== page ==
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The History of Rome

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Les Grands Sites Archéologiques Lascaux The Thomas Jefferson Hour The Gauls of Acy-Romance: Discovering the Remi Article created on Thursday, March 8, 2012 Visitors to the village of Acy-Romance north of the modern day French city of Rheims, will see no sign of the Gallic village that was once there. However, very unusually, this village has been fully excavated. A succession of digs over fifteen years, plot by plot, has revealed the full details of the little Gallic settlement that stood here some 2200 years ago, in the heart of the territory of the Remi tribe. Aerial reconstruction of village. You can now take a virtual tour of the village. Set on a plain above the Aisne valley, it was structured around a religious centre comprising a burial mound with an ancestral tomb, a large square and five buildings, the “temples”. Around this stood the residential quarters, with livestock farmers to the northeast, arable farmers to the east, artisans to the southeast and labourers (probably slaves) to the north. Village reconstruction. One of the burials excavated at the site. The virtual tour More information:

Sallust — The War With Catiline p3 Sallust The War With Catiline It behooves all men who wish to excel the other animals to strive with might and main not to pass through life unheralded, like the beasts, which Nature has fashioned grovelling and slaves to the belly. 2 All our power, on the contrary, lies in both mind and body; we employ the mind to rule, the body rather to serve; the one we have in common with the Gods, the other with the brutes. 3 Therefore I find it becoming, in seeking renown, that we should employ the resources of the intellect rather than those of brute strength, to the end that, since the span of life which we enjoy is short, we may make the memory of our lives as long as possible. 4 For the renown which riches or beauty confer is fleeting and frail; mental excellence is a splendid and lasting possession. p5 2 Accordingly in the beginning kings (for that was the first title of sovereignty among men), took different courses, some training their minds and others their bodies.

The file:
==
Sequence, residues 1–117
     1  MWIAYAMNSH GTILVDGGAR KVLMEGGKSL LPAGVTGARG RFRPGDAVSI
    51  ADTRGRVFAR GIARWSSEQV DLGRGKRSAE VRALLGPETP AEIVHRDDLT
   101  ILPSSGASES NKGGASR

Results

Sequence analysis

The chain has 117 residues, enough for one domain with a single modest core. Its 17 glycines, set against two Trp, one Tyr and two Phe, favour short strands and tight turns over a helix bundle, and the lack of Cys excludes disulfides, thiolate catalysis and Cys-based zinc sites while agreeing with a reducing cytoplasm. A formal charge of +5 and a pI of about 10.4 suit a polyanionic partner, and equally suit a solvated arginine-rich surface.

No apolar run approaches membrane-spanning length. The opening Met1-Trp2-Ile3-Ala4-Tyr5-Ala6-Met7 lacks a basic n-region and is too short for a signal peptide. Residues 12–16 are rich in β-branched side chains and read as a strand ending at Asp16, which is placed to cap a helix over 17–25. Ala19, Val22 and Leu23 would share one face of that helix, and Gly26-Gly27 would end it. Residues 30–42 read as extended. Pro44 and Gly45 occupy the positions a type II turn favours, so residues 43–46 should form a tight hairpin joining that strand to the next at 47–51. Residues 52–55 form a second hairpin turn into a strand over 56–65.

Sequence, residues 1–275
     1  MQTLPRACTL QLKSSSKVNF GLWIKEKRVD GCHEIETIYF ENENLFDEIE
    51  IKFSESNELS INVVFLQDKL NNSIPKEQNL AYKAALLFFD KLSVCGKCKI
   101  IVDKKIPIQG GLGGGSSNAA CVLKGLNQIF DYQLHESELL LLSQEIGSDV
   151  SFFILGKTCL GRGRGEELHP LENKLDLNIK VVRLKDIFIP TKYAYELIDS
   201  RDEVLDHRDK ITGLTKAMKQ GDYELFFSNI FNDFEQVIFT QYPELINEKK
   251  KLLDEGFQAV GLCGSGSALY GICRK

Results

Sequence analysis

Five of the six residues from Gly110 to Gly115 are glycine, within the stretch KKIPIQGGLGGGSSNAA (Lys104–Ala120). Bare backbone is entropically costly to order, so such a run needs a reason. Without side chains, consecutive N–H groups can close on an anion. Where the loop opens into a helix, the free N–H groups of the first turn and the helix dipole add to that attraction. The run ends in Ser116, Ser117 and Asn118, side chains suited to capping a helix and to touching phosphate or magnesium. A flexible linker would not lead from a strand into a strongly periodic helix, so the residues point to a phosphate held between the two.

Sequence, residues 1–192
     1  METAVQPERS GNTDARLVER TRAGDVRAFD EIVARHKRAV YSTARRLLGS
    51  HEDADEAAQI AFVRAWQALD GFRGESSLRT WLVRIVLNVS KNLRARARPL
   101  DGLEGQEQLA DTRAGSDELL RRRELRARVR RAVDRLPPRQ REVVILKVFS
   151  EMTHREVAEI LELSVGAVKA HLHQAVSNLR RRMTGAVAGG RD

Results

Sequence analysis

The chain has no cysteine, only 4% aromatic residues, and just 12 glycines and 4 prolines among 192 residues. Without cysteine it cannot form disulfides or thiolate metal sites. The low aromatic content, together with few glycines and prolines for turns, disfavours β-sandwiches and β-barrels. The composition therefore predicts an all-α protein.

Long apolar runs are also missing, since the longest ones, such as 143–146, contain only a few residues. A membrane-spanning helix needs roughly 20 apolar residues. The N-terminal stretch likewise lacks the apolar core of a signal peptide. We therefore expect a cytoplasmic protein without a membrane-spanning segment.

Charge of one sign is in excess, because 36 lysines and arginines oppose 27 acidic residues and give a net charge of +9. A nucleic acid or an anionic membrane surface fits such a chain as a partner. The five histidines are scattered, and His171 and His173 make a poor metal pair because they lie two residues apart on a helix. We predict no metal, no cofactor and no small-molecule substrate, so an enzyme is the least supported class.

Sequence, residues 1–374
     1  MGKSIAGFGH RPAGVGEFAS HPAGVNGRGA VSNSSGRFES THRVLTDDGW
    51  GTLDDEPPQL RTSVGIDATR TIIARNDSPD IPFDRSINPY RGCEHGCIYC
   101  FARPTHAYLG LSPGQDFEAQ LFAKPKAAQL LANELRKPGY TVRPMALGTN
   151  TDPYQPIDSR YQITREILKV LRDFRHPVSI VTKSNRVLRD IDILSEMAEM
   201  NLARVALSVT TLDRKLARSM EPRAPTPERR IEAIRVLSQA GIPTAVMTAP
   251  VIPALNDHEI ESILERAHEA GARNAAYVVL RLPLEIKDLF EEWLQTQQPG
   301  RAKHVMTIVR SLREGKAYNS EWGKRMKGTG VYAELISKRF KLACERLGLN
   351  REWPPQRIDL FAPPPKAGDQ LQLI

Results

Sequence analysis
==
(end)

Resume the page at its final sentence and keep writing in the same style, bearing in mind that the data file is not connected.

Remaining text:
Fasces An unusual fasces image, with the axe on the outside of the bundle of rods. Origin and symbolism[edit] Although little is known about the Etruscans, a few artifacts have been found showing a thin bundle of rods surrounding a two-headed axe.[3] Fasces-symbolism might derive—via the Etruscans—from the eastern Mediterranean, with the labrys, the Anatolian and Minoan double-headed axe, later incorporated into the praetorial fasces. There is little archaeological evidence.[4] By the time of the Roman Republic, the fasces had evolved into a thicker bundle of birch rods, sometimes surrounding a single-headed axe and tied together with a red leather ribbon into a cylinder. The symbolism of the fasces suggested strength through unity; a single rod is easily broken, while the bundle is very difficult to break. Republican Rome[edit] An occasional variation on the fasces was the addition of a laurel wreath, symbolizing victory. Usage[edit] Fasces in the United States[edit] Fasces in France[edit]

Legion XXIV - Fasces Page An Icon representing the Strength and Power of Ancient Rome The FASCES was a cylindrical bundle of elm or birch rods bound together by red bands, from which an ax head projected; and which was borne by Lictors (attendants and body guards) before a Consul or high Magistrate, as a symbol of their authority. Stephen Phenow, Editor of the Strategikon, provides the following: "The Fasces was adopted from the Etruscans. The lowering of the Fasces was form of salute to a higher official. The reconstruction shown here was assembled by the Commander in February 2002. TOP BOTTOM Lictors with Fasces from Osprey Military Series # 291

Fasces Fasces: set of rods bound in the form of a bundle which contained an axe. In ancient Rome, the bodyguards of a magistrate carried fasces. The word fasces means "bundle" and refers to the fact that it is a bundle of rods, which surrounded an ax in the middle. In ancient Rome, the lictors carried fasces before consul, praetors and dictators, i.e., magistrates that held imperium (which means that they had the right to command and interpret the flight of the birds). Other people escorted by lictors with fasces were Vestal Virgins, governors, and the commanders of legions. During the empire, the fasces of the emperor were distinguished from those of the magistrates by laurels. The fasces were a symbol of authority, but the precise meaning is unknown. The Romans believed that the fasces were introduced in Rome from Etruria.

Roman Numerals The Romans were active in trade and commerce, and from the time of learning to write they needed a way to indicate numbers. The system they developed lasted many centuries, and still sees some specialized use today. Roman numerals traditionally indicate the order of rulers or ships who share the same name (i.e. Queen Elizabeth II).